Mom on a mission to end stigma attached to kids with autism

Yolande Nkosi and her son Jabulani Nkosi, also known as JR.
Yolande Nkosi and her son Jabulani Nkosi, also known as JR.
Image: Supplied

The mother of a 15-year-old boy born with autism is determined to end the stigma around the condition in South Africa. 

“I have received calls from all over the country, from mothers who are frustrated because they do not understand what is going on with their children, or how to deal with them,” said Yolande Nkosi.   

Autism is a mental condition, present from early childhood, characterised by great difficulty in communicating, forming relationships with other people and using language and abstract concepts.

The East London-based mother recalled the day she discovered that her son was autistic at the age of 3.

“I was alone and scared. I had to ask the doctor to explain it in Xhosa and when he did and said it was incurable, I almost lost it. I remember driving home, I was crying and almost got into a car accident because I was thinking, how I would explain it to his father?”

Nkosi said she read up about autism and with the assistance of professionals was able to accept and love her son unconditionally.   

“I was fortunate because at least I had access to social workers. There are people in areas who do not have such access but need the information. And sometimes when they do [have access to information], they are in denial,” she said.

Celebrating her son's sixth birthday celebration, Nkosi said the family bought him a small toy piano as a present, which he quickly mastered. 

“We sang Happy Birthday to him. Moments later, he was able to play it on the piano. We were all so shocked!” she said.

In an attempt to nurture JR’s potential, Nkosi and her husband decided to get him piano lessons - but the music tutor made it clear that he was unable to teach him due to his condition.    

Jabulani Nkosi at home playing his keyboard.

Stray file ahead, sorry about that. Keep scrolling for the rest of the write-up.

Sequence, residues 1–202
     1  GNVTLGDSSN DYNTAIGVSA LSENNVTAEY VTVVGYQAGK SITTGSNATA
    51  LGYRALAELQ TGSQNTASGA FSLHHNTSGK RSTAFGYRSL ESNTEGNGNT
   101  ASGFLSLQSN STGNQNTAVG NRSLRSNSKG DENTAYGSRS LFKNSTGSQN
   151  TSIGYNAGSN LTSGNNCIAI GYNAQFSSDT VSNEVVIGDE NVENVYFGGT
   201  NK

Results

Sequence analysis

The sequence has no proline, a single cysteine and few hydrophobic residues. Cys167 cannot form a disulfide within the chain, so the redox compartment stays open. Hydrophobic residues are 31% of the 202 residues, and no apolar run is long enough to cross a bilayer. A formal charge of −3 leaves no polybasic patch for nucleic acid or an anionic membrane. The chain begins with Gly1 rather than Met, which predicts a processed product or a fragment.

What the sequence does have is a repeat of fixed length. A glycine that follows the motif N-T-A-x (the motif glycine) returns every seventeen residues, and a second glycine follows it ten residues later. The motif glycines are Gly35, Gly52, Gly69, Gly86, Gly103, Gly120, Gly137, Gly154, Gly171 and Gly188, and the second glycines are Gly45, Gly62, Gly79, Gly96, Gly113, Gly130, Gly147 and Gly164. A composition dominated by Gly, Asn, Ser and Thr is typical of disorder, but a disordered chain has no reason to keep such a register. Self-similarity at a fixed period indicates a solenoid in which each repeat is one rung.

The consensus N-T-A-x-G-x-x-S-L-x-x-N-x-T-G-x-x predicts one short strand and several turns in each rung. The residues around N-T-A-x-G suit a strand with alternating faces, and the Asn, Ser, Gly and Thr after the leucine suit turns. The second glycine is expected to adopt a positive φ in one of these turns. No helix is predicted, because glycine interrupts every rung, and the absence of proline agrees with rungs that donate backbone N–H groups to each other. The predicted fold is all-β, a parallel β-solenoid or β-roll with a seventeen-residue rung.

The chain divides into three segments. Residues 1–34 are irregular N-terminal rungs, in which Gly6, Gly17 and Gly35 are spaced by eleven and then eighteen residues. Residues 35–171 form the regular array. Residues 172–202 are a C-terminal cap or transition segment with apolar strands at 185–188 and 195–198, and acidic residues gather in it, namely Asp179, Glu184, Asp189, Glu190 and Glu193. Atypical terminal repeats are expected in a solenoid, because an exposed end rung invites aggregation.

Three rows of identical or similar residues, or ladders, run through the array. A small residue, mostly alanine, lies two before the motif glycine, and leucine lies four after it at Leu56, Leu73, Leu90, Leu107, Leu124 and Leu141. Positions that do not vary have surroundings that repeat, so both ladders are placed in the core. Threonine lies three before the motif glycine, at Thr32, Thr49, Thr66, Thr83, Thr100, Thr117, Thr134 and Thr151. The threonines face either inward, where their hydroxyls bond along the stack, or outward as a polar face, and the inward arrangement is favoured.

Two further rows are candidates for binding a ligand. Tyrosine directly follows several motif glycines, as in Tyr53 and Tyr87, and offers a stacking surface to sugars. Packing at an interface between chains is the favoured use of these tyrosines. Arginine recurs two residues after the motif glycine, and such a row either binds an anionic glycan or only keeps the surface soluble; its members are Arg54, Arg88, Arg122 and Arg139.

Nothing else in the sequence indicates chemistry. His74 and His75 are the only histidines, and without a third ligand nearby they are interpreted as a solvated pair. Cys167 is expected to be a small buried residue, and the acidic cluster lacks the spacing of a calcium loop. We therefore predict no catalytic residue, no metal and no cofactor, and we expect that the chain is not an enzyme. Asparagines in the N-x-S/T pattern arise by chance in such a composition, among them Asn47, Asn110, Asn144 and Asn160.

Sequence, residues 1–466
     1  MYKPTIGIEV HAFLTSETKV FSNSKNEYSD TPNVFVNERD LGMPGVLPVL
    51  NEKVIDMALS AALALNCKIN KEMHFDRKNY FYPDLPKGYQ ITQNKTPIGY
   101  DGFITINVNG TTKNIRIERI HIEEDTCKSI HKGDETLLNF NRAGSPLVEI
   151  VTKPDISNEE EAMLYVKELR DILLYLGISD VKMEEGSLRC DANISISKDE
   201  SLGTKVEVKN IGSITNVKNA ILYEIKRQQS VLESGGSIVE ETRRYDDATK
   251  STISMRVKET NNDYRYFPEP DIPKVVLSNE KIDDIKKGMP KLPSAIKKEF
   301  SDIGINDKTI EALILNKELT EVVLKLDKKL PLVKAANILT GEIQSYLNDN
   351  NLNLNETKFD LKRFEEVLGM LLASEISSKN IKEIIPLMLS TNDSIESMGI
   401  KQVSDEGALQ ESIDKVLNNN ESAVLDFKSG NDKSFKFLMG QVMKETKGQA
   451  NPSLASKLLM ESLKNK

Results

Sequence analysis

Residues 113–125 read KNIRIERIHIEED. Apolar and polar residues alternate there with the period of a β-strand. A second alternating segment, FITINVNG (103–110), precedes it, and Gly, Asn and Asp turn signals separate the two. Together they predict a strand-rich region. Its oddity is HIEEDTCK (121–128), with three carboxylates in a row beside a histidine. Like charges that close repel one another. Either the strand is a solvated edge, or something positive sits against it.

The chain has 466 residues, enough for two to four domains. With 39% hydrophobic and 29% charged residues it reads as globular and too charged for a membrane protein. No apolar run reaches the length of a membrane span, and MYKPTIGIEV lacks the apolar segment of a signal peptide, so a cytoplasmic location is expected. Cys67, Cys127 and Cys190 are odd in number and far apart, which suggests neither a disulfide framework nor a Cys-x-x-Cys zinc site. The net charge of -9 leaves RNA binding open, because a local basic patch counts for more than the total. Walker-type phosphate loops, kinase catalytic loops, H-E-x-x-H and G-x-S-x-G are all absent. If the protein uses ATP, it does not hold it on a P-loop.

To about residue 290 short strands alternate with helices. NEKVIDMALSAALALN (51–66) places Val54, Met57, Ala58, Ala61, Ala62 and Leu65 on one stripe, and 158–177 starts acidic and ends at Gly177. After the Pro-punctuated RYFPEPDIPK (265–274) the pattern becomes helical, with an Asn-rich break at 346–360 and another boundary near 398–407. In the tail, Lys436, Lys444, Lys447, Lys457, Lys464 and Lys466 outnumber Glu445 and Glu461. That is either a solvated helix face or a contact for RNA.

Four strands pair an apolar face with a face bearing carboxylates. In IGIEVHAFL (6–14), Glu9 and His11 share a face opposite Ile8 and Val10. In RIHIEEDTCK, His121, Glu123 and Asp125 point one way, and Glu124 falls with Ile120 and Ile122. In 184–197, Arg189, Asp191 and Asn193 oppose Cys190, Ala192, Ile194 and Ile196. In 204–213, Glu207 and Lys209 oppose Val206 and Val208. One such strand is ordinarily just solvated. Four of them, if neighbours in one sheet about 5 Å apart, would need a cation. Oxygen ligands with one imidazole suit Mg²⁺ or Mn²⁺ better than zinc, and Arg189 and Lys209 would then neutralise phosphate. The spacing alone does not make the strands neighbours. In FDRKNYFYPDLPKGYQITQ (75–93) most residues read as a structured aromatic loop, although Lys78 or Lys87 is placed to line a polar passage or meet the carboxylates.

Jabulani Nkosi at home playing his keyboard.
Image: Supplied

Years later, the family decided to buy JR a piano because they could see how passionate he was about it.

Nkosi believes that autistic children have talents that need to be nurtured at an early age. “I can never overemphasise the importance for early intervention. Yes, children are different, but there is always one thing they enjoy doing and they must be supported,” she said.

Today JR's piano skills are well-known in his community and he often gets invited to perform at functions. 

“At first I was against the idea of him singing because he cannot pronounce some words properly, but I realised that he enjoys it and people embrace that. He even produces songs that only he can understand,” Nkosi told TimesLIVE.

JR currently features in an autism awareness advert being aired on various DStv channels

Nkosi said there is a need for more awareness campaigns in various areas, such as the events she has been hosting over the past two years, which use the themes "I am autistic but I can" and "Proudly out of the box". 

“The aim of these concerts has always been to inspire affected families, as well as change the stigma attached to our kids,” she said.

Given an opportunity, Nkosi said she would give up her municipal job anytime to become an ambassador or representative raising awareness about autism. “I am really passionate because this is a lived reality amongst many families. The education and motivation really goes a long way,” she said. 

She aspires to open a centre that will be a home to children with autism.

“Often our children are excluded, even from birthday parties, because they are seen as weird and crazy. It would be a relief for parents to know that their kids are at a place where they are understood, loved and appreciated and their talents are actually nurtured.”